This Is Why Uji Is Paradise To A Tea Lover
Here are all the reasons you need to visit Uji Japan
Synonymous with Japan's original site for tea cultivation, Uji became famous for its superior quality green tea since the 1100s. Since I am a tea fanatic, I couldn't resist paying Uji a visit, which genuinely meant yet another dream come true. Uji was part of our 2 weeks in Japan itinerary.
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How to get to Uji
You can visit Uji as a day trip from Kyoto. Best to take the Shinkansen from Kyoto towards Nara. You will reach Uji in less than 30 minutes. The cost of a one-way ticket is 240 yen, but it's covered by the Japan Rail Pass.
There is a short walk from Uji train station to the town centre. I found Uji to be a very small city, but with enough to do to keep me alert and excited. By being in Uji, you really feel taken back in time, as you can almost soak in the city's history with every step you take.
Uji and green tea
The history of Uji tea started sometimes in the 13th century when Myoue opened a tea farm in the heart of Uji. The tea seeds were given to Myoue by Eisai, a monk who is said to have brought the first tea seeds to Japan from China.
You can imagine how exhilarating it was for me, as a tea lover, to be in a place so rich in history. I was about to drink tea made from a plant which survived on the lands of Uji for many centuries.
What type of tea to try
Gyokuro or jade dew as per its literal translation, it's Japan's most precious type of green tea. This type of tea is being grown in the shade. You can buy Gyokuro from vendors in Uji, but due to its reputation and amazing taste, it's also the most expensive tea in Japan.
Know that Uji is the oldest gyokuro producing region in Japan.
Matcha Tea - If you are in Japan then you have to learn about the real tea ceremony tradition and enjoy matcha tea in due course. Matcha Tea from Uji tastes very sweet and it is very well regarded all over the world.
Know that the authentic Matcha Tea comes from Tencha, the name used for the green tea leaves before being ground into the fine matcha powder.
What to do in Uji
Byōdō-in Temple - I loved photographing this beautiful temple. It has a wonderful garden and it is home to the Phoenix Hall.
Ujigami Shrine - You can marvel at one of Japan's oldest shrines.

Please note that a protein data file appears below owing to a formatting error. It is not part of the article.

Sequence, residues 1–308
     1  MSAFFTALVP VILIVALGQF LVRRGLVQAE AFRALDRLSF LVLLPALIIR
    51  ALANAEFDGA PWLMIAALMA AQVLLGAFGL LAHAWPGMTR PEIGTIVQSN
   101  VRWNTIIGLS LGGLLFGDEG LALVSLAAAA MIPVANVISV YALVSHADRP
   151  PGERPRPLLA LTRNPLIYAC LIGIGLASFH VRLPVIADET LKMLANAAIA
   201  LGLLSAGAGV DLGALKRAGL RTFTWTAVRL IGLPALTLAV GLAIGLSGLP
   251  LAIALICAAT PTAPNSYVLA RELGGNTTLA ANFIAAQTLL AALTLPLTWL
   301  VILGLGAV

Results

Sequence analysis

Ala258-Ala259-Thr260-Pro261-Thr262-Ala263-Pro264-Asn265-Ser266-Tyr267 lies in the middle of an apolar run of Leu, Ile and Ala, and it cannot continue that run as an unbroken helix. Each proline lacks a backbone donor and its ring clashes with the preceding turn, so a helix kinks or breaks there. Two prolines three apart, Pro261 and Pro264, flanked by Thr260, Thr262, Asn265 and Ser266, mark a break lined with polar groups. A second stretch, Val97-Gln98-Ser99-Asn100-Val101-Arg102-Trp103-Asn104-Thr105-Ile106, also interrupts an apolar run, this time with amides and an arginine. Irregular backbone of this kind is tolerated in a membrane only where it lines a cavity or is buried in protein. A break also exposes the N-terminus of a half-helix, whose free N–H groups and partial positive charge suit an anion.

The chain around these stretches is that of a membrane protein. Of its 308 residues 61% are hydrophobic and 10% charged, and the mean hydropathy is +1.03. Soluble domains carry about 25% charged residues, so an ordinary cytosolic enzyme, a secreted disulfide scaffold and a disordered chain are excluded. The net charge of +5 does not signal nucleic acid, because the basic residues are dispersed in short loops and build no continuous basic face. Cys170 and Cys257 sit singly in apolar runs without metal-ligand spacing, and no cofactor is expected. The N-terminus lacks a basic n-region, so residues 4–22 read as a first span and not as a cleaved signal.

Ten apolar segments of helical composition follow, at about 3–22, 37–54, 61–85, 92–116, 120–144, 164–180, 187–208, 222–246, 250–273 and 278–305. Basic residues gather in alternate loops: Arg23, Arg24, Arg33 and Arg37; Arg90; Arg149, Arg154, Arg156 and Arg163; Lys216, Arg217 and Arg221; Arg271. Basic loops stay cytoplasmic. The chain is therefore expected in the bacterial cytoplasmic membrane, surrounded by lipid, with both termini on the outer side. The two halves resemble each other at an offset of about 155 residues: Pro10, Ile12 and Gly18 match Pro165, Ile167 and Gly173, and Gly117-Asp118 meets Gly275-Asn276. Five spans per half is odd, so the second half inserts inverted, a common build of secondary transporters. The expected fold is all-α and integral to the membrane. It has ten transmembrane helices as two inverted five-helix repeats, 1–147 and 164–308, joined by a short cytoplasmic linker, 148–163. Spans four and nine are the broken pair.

Uji Shrine - Free entry shrine to commemorate the loss of Prince Uji no Wakiiratsuko, who committed suicide.
The Tale of Genji Museum - If you read the Tale of Geinji which is a Japanese classic, you are sure to appreciate this museum.
Kosho-ji Temple - Beautiful zen temple with a beautiful garden featuring bushes and pruned trees.
Mimurotoji Temple - As a nature lover, this is a great temple to visit. It's known for its magnificent flower gardens.
Amagasegawa Dam - Offers beautiful and peaceful views. I visited in December and I could still enjoy some candid foliage colours.
Tea Ceremony - Being Japan's tea capital, you can enjoy an authentic tea ceremony here, in Uji. You will have the chance to learn a lot about Japanese traditions.
Know that some locals also offer trips to the tea fields.
Tea Festival - Did somebody say free tea? At the Tea Festival in Uji, you get to sample a lot of green tea. It takes place on the first Sunday of October so make sure to be there.
Mt. Buttoko - Take a short hike on Mount Buttoko and enjoy some magical views from the observation deck.
Buy a souvenir from Raak - I couldn't resist and bought myself a gauze towel which ended up on my wall. It depicts a beautiful image of two geishas walking through Uji in the winter. I love it so much.
To me, visiting Uji was a dream come true. Being able to be in the very place where the Japanese tea tradition was born, brought me sheer joy. If you too love tea, then make sure to visit Uji when you go to Japan.
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Thank you very much for this information. As a fellow tea lover, I look forward to visiting Uji in the near future, and your post will be very helpful!